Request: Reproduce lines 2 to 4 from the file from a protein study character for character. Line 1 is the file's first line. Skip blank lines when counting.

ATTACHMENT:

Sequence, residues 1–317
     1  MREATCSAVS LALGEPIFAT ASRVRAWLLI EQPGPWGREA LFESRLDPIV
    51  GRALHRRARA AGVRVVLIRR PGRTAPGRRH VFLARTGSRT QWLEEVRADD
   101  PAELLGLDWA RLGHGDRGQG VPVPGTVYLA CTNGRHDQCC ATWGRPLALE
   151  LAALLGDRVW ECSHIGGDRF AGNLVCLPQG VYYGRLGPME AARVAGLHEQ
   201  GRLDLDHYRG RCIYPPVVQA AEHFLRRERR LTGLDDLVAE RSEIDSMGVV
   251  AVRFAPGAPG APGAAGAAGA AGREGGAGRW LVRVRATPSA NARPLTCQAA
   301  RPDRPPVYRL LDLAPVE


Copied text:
     1  MREATCSAVS LALGEPIFAT ASRVRAWLLI EQPGPWGREA LFESRLDPIV
    51  GRALHRRARA AGVRVVLIRR PGRTAPGRRH VFLARTGSRT QWLEEVRADD
   101  PAELLGLDWA RLGHGDRGQG VPVPGTVYLA CTNGRHDQCC ATWGRPLALE